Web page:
Sunday, January 5, 2014

Why I Do This

Why do I do this?  It takes a lot of time to take and post pictures and update blogs and websites.   Gardeners are in general a different breed of people and enjoy sharing.   Sure, it would be nice to have recognition and make money, but I do not distract with watermarks and paid ad options or limit with copyrights.  Why?  For one, gardening sites that do are a turn off to me, especially ones that start off free, rely on user input, then start charging a subscription fee.   Besides, if someone wants to steal my work, they are going to regardless.  A bigger reason?  You do not have to look far or pay a fee to find negativity and ugliness in one form or another that depresses, angers or encourages disrespect.  I want to make a difference.

Look at a picture of a beautiful flower or garden and feel the happiness come over you.  Walk through an overflowing garden and feel the tranquility it brings. Smell a rose and become intoxicated by its fragrance.  Bite into a garden fresh piece of produce and feel the delight of the flavor.  Dig your hands into beautiful soil and feel the connection with Earth and All That Is.  Watch a seed sprout and you have witnessed a miracle.  The garden is a wondrous place and I want to help bring its joys to the world by inspiring and educating.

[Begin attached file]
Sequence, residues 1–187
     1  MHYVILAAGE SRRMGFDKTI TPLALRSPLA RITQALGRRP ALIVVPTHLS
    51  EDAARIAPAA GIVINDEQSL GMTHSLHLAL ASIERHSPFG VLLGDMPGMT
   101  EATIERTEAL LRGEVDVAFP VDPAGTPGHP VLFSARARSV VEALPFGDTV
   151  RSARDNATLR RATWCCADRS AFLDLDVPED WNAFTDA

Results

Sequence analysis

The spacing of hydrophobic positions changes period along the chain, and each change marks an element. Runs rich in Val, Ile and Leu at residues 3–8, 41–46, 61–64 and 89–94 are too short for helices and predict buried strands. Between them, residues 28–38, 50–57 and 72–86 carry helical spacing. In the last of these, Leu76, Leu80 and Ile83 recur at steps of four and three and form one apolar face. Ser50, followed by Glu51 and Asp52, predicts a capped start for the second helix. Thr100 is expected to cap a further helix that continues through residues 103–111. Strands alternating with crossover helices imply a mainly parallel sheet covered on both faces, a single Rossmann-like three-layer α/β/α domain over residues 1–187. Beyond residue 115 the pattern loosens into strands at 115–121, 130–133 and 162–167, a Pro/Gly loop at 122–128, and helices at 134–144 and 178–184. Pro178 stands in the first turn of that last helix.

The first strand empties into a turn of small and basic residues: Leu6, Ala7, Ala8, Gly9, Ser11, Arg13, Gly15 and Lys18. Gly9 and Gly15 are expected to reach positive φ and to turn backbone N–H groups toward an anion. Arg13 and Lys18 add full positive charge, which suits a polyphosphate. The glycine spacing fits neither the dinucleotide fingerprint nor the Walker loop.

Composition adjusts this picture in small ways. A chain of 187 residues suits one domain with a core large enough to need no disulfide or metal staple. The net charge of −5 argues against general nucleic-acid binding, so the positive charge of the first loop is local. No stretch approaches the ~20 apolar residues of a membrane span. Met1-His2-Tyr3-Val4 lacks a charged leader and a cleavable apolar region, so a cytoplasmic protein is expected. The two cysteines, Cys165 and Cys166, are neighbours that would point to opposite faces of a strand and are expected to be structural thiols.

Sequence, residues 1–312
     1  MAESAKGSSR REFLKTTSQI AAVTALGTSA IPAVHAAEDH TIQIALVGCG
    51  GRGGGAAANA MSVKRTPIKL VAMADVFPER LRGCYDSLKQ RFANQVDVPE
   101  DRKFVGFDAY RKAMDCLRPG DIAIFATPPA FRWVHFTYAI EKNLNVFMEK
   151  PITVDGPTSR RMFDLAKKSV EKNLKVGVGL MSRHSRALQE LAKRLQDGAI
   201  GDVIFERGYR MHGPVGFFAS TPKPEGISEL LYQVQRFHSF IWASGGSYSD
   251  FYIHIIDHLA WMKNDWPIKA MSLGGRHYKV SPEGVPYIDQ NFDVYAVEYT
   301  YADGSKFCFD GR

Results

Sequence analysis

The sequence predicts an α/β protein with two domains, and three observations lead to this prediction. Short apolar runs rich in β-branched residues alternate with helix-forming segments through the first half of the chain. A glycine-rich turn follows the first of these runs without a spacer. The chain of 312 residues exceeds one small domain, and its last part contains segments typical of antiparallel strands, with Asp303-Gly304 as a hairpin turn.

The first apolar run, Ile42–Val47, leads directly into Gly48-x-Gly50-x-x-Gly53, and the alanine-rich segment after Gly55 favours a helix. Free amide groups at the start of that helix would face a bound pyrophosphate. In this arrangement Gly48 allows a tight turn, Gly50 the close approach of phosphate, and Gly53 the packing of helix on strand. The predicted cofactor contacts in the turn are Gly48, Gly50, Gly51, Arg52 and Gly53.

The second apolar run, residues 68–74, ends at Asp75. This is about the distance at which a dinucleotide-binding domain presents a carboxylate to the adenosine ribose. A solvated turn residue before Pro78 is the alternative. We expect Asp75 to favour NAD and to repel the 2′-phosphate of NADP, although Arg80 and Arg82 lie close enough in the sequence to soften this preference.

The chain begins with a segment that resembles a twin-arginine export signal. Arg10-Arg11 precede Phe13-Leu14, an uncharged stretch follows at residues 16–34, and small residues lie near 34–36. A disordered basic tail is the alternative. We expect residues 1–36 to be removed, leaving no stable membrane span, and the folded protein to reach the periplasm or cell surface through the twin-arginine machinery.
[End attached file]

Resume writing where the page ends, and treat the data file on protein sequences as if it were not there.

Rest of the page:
"I've waited in the sun and listened to every one of the questions that you posed
and I have found the answers in the petals of a rose."
(from "Show Me The Way," sung by Liam Clancy)


  1. I so understand what you mean about gardeners being a "different breed!" I've been doing it for about six years now, and it brings me so much joy that I didn't know was even possible before I started. Winter is torture for me now as I wait! I simply love knowing where my food comes from and biting into something that is infinitely more delicious than anything you could find in a store-- and that I GREW!!

    I love this quote from Joel Salatin: "Almost everyone has eaten a backyard tomato. You know the kind. When you slice into it juice runs down the knife and pools up on the cutting board. The structural webbing glistens iridescently, standing out from the delicate seed-juice innards. Do you know what that tomato would look like if you put it on a tractor trailer for a week and sent it 3,000 miles? It would be a flattened glob of pulp." (Source:

    That really shows me that we as gardeners are doing something right. We're producing GOOD FOOD, not just crap that ships well.


    1. So true! With GMOs and radiating produce, it's getting worse. I just told my fiance not to buy any more of the tomatoes he had been getting because they were so horrible. Other than in looks they were nothing like a tomato. The same with peaches. They look beautiful, but never ripen. My rule for buying produce is, whether it is ripe or not, if it does not smell like it should (peach, strawberry, etc.) it will not have the flavor even if it does ripen.

  2. Yours is the nicest gardening website I've ever encountered.
    Thank you so much for sharing your beautiful photos and expertise.

    1. Thank you so very much! That is the nicest compliment I could ever get.